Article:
University Of Tasmania
141068 - Unprecedented health costs of smoke - Final author version.pdf (6.38 MB)
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Unprecedented health costs of smoke-related PM2.5 from the 2019–20 Australian megafires

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In flammable landscapes around the globe, longer fire seasons with larger, more severely burnt areas are causing social and economic impacts that are unsustainable. The Australian 2019–20 fire season is emblematic of this trend, burning over 8 million ha of predominately Eucalyptus forests over a six-month period. We calculated the wildfire-smoke-related health burden and costs in Australia for the most recent 20 fire seasons and found that the 2019–20 season was a major anomaly in the recent record, with smoke-related health costs of AU$1.95 billion. These were driven largely by an estimated 429 smoke-related premature deaths in addition to 3,230 hospital admissions for cardiovascular and respiratory disorders and 1,523 emergency attendances for asthma. The total cost was well above the next highest estimate of AU$566 million in 2002–03 and more than nine times the median annual wildfire associated costs for the previous 19 years of AU$211 million. There are substantial economic costs attributable to wildfire smoke and the potential for dramatic increases in this burden as the frequency and intensity of wildfires increase with a hotter climate.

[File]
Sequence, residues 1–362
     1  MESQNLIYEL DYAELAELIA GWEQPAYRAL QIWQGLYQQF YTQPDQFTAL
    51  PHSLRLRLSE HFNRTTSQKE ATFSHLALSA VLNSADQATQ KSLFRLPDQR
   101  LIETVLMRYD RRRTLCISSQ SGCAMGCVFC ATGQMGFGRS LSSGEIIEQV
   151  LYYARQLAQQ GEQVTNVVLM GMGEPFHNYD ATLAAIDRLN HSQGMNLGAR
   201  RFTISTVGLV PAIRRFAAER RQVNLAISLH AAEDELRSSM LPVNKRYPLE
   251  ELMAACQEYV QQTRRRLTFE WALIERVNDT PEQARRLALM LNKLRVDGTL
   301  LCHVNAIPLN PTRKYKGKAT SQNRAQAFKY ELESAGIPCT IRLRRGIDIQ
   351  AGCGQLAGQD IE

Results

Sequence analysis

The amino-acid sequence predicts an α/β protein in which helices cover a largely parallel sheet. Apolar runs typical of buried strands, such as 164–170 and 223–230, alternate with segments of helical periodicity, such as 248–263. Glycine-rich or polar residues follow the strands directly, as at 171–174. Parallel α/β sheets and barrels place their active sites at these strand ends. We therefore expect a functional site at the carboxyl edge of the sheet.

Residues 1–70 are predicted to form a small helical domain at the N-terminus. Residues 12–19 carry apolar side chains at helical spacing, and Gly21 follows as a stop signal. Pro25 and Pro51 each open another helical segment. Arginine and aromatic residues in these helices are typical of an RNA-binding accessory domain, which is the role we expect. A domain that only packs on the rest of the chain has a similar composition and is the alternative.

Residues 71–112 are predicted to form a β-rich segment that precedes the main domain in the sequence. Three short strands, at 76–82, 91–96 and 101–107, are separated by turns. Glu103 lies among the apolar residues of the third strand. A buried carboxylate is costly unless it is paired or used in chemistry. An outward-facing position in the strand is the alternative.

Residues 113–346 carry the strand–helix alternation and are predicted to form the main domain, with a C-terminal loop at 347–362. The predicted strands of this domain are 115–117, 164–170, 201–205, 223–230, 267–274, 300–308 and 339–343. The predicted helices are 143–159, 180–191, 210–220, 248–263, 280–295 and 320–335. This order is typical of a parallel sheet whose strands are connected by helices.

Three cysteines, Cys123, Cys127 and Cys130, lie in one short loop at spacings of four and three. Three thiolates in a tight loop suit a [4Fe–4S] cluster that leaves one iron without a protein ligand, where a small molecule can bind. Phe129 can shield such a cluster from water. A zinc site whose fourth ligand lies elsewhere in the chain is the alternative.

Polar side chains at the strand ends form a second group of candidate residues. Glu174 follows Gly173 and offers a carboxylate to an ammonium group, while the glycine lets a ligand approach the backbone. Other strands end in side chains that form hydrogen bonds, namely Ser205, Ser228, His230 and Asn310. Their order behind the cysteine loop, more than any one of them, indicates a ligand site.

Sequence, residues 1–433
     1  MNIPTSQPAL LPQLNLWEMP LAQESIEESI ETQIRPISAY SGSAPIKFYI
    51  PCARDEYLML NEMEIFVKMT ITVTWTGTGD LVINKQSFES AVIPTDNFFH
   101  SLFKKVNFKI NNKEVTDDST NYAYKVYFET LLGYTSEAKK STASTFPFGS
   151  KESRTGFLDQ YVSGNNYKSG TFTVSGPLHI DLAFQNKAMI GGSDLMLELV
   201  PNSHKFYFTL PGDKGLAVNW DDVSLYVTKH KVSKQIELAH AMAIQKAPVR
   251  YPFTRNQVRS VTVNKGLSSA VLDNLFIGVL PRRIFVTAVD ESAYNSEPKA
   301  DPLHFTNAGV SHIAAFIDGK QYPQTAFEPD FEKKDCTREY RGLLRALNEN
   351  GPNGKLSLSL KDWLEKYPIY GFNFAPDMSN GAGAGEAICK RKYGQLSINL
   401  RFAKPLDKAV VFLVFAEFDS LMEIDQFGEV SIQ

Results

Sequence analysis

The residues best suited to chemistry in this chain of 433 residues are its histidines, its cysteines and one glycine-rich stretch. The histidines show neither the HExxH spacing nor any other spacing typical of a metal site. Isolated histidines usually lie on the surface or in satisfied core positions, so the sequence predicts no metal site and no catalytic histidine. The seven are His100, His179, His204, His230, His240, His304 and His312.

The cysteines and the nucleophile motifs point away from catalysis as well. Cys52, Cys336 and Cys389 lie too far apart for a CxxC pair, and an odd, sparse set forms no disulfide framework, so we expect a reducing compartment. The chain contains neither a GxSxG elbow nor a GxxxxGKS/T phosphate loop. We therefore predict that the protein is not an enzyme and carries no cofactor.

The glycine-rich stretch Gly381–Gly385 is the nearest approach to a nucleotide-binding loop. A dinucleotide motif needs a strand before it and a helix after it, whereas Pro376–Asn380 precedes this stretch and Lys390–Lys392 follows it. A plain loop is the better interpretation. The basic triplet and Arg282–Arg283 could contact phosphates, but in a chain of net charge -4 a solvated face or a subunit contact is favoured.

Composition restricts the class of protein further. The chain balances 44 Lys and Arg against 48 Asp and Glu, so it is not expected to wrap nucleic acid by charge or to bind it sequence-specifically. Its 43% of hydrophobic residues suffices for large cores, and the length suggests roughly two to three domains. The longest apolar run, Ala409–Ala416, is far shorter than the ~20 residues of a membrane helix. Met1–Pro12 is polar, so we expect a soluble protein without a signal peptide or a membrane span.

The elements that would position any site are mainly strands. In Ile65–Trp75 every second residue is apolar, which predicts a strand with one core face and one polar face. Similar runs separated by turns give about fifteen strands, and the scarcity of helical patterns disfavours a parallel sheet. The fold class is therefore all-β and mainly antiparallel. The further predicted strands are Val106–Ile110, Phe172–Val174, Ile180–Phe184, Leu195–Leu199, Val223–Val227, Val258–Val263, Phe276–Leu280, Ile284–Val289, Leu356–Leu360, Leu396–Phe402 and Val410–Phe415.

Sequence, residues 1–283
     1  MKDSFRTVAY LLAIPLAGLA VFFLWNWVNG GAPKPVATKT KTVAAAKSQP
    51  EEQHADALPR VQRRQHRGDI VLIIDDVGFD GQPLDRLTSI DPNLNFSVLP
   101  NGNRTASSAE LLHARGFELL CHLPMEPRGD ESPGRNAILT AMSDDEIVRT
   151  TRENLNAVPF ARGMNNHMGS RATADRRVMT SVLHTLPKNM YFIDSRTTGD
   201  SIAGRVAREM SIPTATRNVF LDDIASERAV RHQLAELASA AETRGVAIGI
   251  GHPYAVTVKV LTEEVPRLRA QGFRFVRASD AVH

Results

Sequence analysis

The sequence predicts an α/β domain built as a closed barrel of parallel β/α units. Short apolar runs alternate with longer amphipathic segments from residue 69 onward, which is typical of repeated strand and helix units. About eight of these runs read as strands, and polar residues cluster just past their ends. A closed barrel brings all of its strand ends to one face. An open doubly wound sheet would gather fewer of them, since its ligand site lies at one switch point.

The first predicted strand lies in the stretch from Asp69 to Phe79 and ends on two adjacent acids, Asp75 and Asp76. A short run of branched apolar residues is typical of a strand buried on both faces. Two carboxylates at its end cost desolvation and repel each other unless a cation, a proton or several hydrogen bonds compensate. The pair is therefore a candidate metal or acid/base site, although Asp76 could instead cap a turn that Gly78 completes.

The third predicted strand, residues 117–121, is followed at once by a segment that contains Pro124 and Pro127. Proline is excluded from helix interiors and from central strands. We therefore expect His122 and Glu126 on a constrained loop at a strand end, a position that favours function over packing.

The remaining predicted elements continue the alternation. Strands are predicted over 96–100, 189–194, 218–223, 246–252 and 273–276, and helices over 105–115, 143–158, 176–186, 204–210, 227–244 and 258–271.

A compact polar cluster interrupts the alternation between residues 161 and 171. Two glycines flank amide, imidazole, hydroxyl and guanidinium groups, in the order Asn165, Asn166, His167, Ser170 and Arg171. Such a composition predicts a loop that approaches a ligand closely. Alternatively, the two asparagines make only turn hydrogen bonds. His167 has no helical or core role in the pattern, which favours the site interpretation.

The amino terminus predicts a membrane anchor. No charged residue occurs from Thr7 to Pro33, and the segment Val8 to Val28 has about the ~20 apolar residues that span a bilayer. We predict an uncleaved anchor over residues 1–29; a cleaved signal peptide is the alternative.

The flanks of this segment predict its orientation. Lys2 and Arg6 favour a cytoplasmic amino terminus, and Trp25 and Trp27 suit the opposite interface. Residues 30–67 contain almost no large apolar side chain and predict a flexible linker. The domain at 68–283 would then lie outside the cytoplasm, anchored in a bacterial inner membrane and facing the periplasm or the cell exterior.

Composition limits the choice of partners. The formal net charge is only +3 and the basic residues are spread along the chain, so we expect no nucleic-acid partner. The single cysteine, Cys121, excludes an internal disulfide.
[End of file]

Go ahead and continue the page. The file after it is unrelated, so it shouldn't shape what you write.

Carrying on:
Publication title

Nature Sustainability








Menzies Institute for Medical Research


Nature Publishing Group

Place of publication

United Kingdom

Rights statement

© 2020 Springer Nature Limited

Repository Status

  • Restricted

Socio-economic Objectives

Social impacts of climate change and variability; Public health (excl. specific population health) not elsewhere classified